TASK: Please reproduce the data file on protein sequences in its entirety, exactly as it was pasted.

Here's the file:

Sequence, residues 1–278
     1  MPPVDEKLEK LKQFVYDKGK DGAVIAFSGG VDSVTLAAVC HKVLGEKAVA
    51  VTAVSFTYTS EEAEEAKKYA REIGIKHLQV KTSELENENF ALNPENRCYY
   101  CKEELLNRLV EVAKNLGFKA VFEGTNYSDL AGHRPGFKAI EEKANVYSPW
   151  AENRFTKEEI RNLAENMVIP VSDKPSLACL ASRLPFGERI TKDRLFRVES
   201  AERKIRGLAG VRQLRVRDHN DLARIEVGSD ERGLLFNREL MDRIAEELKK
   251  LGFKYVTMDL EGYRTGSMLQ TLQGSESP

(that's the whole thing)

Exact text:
Sequence, residues 1–278
     1  MPPVDEKLEK LKQFVYDKGK DGAVIAFSGG VDSVTLAAVC HKVLGEKAVA
    51  VTAVSFTYTS EEAEEAKKYA REIGIKHLQV KTSELENENF ALNPENRCYY
   101  CKEELLNRLV EVAKNLGFKA VFEGTNYSDL AGHRPGFKAI EEKANVYSPW
   151  AENRFTKEEI RNLAENMVIP VSDKPSLACL ASRLPFGERI TKDRLFRVES
   201  AERKIRGLAG VRQLRVRDHN DLARIEVGSD ERGLLFNREL MDRIAEELKK
   251  LGFKYVTMDL EGYRTGSMLQ TLQGSESP